Eritrea-Ethiopia: At Meeting Of Sides
ERITREA-ETHIOPIA: AT MEETING OF SIDES, UN PLEDGES BEST EFFORTS UNDER TRYING CONDITIONS
New York, Aug 2 2006 10:00AM
A senior United Nations envoy has pledged the world body’s continued efforts to fulfil its mandate in Ethiopia and Eritreaere UN blue helmets are monitoring a ceasefire along the disputed border between the two Horn of Africa countries.
At a meeting on Sunday in Nairobi, the Officer-in-Charge of the UN Mission in Ethiopia and Eritrea (UNMEEeputy Special Representative of the Secretary-General Azouz Ennifar, said the operation will do its best to fulfill its mandate and “do whatever is possible under the circumstances” despite a recent downsizing. In May, the Security Council cut the mission’s troop strength by over 1,000 soldiers.
Addressing representatives of both sides, Mr. Ennifar reported on the serious concerns of Security Council members with the parties’ failure to fully comply with Resolution 1640. Adopted last November, that text threatened actions – which could include sanctions – against Eritrea and Ethiopia if, in the case of Eritrea, it does not immediately rescind its ban on UN flights in its airspace, and against both parties if they do not reverse their military build up.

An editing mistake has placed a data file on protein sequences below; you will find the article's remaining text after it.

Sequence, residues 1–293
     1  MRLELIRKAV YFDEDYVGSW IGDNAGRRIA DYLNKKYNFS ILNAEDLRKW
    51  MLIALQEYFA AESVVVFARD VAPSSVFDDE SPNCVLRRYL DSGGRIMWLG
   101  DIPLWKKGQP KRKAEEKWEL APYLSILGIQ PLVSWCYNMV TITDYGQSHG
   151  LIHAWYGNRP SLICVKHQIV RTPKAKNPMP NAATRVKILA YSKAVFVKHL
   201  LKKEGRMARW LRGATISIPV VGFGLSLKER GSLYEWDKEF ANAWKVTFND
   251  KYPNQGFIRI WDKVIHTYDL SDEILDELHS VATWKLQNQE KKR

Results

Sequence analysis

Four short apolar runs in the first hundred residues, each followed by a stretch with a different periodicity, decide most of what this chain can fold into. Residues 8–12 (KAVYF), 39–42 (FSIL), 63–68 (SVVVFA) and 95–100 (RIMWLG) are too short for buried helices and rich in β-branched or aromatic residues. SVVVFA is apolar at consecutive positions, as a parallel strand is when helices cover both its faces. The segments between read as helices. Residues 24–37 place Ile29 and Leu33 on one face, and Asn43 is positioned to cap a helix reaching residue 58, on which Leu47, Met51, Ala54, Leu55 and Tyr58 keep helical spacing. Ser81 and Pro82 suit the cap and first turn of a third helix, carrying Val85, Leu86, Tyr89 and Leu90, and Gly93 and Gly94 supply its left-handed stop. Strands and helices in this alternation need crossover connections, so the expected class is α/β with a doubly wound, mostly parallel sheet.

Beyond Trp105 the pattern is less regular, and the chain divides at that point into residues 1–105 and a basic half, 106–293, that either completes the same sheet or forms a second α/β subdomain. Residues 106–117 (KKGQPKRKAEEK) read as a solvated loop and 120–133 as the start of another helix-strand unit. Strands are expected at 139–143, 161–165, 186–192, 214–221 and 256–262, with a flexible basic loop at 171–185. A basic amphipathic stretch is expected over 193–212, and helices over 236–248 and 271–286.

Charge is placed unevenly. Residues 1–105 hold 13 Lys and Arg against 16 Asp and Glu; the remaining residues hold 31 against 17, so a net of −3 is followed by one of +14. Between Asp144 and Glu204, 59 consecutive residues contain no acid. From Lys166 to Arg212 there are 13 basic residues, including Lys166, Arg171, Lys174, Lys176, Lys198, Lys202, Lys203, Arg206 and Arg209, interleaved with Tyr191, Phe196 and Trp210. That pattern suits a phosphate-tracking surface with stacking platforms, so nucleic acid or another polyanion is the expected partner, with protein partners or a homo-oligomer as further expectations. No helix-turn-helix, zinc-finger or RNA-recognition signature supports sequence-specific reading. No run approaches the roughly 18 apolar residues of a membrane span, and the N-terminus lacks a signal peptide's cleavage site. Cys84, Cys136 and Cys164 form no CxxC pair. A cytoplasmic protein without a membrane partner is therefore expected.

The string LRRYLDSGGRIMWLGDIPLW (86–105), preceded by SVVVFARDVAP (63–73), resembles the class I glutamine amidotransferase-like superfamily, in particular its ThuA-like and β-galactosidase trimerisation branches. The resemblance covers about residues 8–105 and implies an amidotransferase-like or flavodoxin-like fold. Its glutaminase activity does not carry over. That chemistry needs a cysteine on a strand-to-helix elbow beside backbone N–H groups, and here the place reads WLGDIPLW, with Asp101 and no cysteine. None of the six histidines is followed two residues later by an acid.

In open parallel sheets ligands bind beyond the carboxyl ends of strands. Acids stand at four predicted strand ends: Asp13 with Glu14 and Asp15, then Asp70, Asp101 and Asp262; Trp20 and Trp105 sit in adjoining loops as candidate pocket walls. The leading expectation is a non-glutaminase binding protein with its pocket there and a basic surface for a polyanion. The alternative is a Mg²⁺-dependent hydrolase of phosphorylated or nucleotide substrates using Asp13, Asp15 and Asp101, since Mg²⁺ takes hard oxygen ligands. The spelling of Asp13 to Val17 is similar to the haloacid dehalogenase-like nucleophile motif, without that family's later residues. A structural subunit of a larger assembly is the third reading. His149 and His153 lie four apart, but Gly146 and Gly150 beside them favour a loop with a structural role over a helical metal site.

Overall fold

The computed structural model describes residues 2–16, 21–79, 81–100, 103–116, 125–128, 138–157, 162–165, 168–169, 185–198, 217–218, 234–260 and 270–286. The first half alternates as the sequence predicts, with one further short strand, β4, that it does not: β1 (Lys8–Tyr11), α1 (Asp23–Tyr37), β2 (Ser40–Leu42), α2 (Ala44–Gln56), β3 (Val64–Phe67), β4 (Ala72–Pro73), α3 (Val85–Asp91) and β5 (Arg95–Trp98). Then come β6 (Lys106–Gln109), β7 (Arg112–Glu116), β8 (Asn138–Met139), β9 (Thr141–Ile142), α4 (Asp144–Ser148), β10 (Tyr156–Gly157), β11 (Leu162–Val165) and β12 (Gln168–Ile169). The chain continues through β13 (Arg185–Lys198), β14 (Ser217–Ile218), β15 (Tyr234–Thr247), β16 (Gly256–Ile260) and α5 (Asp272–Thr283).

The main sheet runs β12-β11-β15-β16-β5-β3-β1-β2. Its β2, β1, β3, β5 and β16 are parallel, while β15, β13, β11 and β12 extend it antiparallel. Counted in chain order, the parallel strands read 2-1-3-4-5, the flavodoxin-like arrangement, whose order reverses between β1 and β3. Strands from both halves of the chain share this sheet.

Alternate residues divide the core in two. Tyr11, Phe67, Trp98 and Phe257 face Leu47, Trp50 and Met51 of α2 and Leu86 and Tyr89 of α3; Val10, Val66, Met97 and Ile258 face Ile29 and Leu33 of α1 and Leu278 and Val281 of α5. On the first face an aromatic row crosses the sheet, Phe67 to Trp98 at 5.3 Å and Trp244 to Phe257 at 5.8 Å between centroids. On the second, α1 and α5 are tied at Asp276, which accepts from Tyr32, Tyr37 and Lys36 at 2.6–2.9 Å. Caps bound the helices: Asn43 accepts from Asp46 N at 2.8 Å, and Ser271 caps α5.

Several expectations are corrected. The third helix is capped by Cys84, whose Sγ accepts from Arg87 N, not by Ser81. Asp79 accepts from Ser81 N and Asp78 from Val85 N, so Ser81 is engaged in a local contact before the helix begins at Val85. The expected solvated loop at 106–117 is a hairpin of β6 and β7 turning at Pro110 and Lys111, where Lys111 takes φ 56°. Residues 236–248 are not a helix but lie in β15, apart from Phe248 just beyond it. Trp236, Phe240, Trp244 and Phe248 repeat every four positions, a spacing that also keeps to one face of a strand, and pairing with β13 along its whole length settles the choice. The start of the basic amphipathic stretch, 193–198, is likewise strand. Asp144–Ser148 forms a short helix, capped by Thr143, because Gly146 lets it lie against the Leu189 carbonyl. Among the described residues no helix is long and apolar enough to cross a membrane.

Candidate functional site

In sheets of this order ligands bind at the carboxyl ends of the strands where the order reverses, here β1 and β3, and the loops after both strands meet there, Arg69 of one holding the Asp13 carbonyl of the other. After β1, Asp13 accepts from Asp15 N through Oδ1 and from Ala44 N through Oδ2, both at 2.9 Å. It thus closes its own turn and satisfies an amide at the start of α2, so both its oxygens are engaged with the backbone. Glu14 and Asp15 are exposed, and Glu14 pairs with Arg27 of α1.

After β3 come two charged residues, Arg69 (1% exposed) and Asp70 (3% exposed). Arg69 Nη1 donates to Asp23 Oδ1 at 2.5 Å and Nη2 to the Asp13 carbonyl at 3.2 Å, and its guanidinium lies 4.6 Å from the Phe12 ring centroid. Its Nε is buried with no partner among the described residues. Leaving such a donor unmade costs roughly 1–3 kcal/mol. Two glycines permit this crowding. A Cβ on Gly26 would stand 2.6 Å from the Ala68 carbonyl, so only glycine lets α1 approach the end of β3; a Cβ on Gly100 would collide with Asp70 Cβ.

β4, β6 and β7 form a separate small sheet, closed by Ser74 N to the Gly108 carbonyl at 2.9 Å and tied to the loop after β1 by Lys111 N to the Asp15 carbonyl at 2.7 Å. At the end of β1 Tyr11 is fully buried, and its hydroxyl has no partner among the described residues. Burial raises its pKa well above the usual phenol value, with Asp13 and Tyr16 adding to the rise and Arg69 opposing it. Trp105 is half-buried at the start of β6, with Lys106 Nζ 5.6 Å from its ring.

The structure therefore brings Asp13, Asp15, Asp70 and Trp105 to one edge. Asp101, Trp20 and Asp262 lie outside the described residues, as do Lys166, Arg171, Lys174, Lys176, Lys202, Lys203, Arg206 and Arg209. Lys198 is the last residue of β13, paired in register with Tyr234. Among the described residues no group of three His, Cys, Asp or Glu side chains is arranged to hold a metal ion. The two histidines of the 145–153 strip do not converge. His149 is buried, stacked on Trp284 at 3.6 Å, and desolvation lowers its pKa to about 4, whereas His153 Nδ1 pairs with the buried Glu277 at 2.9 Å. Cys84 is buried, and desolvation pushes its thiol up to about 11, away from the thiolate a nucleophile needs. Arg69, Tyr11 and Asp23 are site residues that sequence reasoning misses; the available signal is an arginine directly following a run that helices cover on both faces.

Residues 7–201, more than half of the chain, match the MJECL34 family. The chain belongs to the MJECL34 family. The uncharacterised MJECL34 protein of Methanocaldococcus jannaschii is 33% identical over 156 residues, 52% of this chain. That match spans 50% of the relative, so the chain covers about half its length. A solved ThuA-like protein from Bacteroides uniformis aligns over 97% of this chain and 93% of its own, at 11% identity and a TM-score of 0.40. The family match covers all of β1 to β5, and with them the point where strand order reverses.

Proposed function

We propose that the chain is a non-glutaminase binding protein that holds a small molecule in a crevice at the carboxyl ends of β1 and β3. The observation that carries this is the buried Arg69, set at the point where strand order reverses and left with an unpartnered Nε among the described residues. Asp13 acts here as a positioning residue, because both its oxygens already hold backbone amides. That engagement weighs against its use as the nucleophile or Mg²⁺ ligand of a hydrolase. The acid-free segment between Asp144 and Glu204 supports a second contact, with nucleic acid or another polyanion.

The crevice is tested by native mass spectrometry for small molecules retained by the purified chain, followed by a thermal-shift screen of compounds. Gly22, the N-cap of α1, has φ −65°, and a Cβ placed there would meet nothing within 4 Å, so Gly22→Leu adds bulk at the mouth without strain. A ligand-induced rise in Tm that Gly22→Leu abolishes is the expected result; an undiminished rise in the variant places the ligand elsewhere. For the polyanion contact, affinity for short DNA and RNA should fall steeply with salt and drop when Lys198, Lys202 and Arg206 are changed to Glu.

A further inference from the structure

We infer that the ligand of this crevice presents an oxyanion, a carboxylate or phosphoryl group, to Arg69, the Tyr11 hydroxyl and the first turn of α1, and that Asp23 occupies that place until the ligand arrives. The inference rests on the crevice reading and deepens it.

UNMEE continues to face serious constraints as a result of Eritrea’s restrictions, including the ban on UNMEE helicopter flights in Eritrean air space and Eritrean restrictions on the nationalities of mission staff, the mission’s Force Commander, Major-General, Mohammad Taisir Massadeh told the meeting, citing also Eritrea’s restrictions on freedom of movement of UNMEE’s patrols and denial of access in several areas.
Updating the delegates on UNMEE’s downsizing, Major-General Massadeh gave a briefing on the implementation plan. “We try, despite the downsizing and the restrictions, to hold the same posts and keep going with the same number of patrols. What a company used to do, a platoon now does instead. We are still able to do our job, even though it means putting much more pressure on our troops and our UN Military Observers.”
Brigadier General Otisitswe Tiroyamodima of the African Union said the military situation has been very calm along the Temporary Security Zone (TSZ) and the adjacent areas and that military forces on both sides have not posed a threat. But he said the continued restrictions on UNMEE constitute “permanent violations” of the Algiers Agreement that ended the war in 2000.
Speaking for the Ethiopian delegation, Major General Yohannes Gebremeskel expressed his appreciation that UNMEE continues to “serve us under difficult circumstances”. He expressed concern that the drastic reduction of UNMEE’s strength, on top of the existing restrictions by Eritrea, will further restrict the capabilities of UNMEE to carry out its functions. He reiterated, however, Ethiopia’s commitment to cooperate with the Mission.
Colonel Zecarias Ogbagaber, head of the Eritrean delegation, regretted the lack of progress in the border demarcation process and argued that the downsizing of UNMEE will not bring about a breakthrough in the stalemate. Speaking about the recent developments in the peace process, he reiterated that Eritrea is wary of “diversions from principles” but added that the country remains “committed to the peace process, believing that the international community will play its role.”